PLAYING HURT alternates between Chelsea’s and Clint’s POV. This excerpt introduces the reader to Clint, and is the first chapter told from Clint’s viewpoint:
“Call me crazy,” say Earl, owner of Lake of the Woods fishing resort, from behind the check-in counter. “I happen to think that a man on vacation wants…a vacation.”
I instantly feel deflated. I glance back up at the poster I’ve just thumb-tacked to the wall of the lobby. It’s not a BAD poster. In fact, I personally think the collage I’ve put together of the northern Minnesota landscape looks enticing. Whitewater rapids, kayaks on clear rivers, brown fingers of hiking trails—what could be better? GIVE ME A WEEK, I’LL GIVE YOU THE TOOLS FOR THE BEST BODY OF YOUR LIFE! my poster promises. LAKE OF THE WOODS BOOT CAMP!
“It’s a good idea,” I say, trying to defend myself. But my words hesitate far too much to convey any real confidence. I clear my throat and decide to be more assertive. “It’s not like I’m forcing people into the gym. It’s intense outdoor activities—hiking, swimming, rowing—surrounded by our incredible scenery. Isn’t that why people come up here in the first place? For the scenery? You don’t vacation in Minnesota to be INSIDE.”
“I dunno,” Earl mumbles. “Most people like a little leisure with their time off. Hikes are strolls here, Clint. Kayak trips are sight-seeing adventures, not races. Swimming amounts to floating on an inner tube near the dock. VACATION, son. Rest. Relaxation. That’s what folks come here for. You should know that by now. The men fish. The women make eyes at the tour guides.”
“They don’t ‘make eyes’ at me,” I say, as the door to the dining room flops open.
“It’s all right, Clint,” Todd says around an enormous bit of a sandwich that reeks of vinegar. “Not everybody can be the stuff of fantasy. Just a select few of us.” He’s not really joking all that much. Here we are, on our first day of summer work back at the resort, and already he’s walking around in a Lake of the Woods T-shirt that’s too small for him, displaying all those hours at the weight bench for the girls on vacation. Usually, we don’t get too many eighteen- or nineteen-year-olds here at the resort, mostly families with younger kinds. But Todd’s obviously hoping for the best.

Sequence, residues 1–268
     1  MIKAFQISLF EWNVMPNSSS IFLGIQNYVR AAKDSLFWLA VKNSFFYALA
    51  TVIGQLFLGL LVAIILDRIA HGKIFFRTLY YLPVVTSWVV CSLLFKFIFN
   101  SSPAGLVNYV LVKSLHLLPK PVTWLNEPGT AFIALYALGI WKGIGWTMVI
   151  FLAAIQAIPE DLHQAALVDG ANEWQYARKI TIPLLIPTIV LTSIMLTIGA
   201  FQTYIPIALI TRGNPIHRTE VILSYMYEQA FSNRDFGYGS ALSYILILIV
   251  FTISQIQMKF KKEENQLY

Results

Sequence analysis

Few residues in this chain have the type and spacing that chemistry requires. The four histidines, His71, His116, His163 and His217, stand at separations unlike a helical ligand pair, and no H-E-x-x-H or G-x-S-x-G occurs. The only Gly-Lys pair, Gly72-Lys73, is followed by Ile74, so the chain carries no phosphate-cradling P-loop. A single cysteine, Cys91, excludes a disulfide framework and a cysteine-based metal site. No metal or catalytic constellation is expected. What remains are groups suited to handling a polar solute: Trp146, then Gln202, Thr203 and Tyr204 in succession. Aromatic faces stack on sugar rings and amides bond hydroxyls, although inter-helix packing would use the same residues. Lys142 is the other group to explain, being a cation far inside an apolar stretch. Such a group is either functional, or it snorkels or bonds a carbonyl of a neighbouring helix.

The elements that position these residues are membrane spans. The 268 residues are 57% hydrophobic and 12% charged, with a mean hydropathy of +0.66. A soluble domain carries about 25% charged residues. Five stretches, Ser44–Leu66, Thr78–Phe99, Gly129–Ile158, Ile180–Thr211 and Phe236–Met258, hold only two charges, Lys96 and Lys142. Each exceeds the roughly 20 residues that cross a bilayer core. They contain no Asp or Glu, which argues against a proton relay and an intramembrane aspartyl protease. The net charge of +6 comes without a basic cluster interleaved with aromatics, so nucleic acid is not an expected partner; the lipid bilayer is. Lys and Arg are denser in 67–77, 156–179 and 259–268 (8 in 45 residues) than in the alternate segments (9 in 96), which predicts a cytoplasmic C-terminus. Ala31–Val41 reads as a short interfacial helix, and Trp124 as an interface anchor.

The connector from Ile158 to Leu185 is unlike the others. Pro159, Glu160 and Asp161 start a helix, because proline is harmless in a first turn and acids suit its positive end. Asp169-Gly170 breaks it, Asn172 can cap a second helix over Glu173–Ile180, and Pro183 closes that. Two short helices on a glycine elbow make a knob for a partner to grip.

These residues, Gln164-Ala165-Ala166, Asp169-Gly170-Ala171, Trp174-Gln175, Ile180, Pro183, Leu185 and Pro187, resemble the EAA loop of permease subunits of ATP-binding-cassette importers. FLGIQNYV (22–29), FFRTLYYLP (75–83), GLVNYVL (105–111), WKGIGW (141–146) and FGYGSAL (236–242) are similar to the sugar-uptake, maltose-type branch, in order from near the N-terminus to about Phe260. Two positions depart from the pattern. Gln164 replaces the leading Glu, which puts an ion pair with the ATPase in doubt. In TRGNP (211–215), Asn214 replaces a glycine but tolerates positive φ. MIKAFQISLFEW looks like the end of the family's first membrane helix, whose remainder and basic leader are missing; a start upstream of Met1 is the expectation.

He wipes his mouth with the back of his wrist and lets out a moan when he sees my poster. “What is THAT? What’s wrong with you?”
“It’s just an idea,” I say.
Todd shakes his head. “No, no, no—no more ideas. You’re blowing everything.”
“Blowing what? I told you, it’s just an idea.”
“No, no, no,” Todd mumbles, finally swallows. “Look. I can understand you working hard senior year. Making up for lost time, maybe. Okay, sure. But last year—you, me, and Greg, away at school. Didn’t even have to deal with being in a dorm—we had our OWN PLACE. No parents. The perfect opportunity. And you STUDIED. For God’s sake, who works so hard, freshman year of college? Huh? Do YOU know?” he asks, turning to Earl.
Earl just tugs on his steel wool beard, trying not to laugh.
“Really—who STUDIES like that?” Todd shouts again, like I’m deaf of something. “You take—gym—you take—James Bond Movies 101—you take—freshman comp. Did you go to a single party ALL YEAR, Morgan?”
I just stare at him. He knows I didn’t.
“You blew it. The freebie, gimme year. You BLEW it. And now, at the very beginning of the summer, when everybody takes a little breather, you’ve got THREE jobs?”
“I don’t have three—”
“Tour guide here at the resort,” Todd interrupts, holding up his index finger. “Working at Pike’s Perch,” he says, holding up his middle finger when referring to my parents’ restaurant. “And now,” he finishes, holding up a ring finger slathered in mayo from his sandwich, “THAT.” He points at the poster, then shoves the rest of his sandwich in his mouth.
“Maybe you’re spreading yourself a little thin,” Earl adds.
“It’s not like my folks pay me or anything,” I protest. “Working at Pike’s is just kind of like helping around the house. And some extra cash on the side would really help with tuition next year. Not to mention geology textbooks—those things aren’t exactly cheap. Maybe you guys could sign up for my boot camp. Help a guy out.”
“No way,” Todd says, shaking his head. “Huh-uh. I’m not contributing to this WORKING craziness. Working, studying, JEEZ. And another thing—if your parents don’t stop bragging about your A’s to everybody at Pike’s, I’m gonna kill you. My parents eat in there.”
“What about you?” I ask Earl.
Earl grimaces. “I’d rather get a whoopin’.”
“I’ll get somebody,” I insist, laughing now. “You just watch.”
Thanks Holly and Teen Book Scene!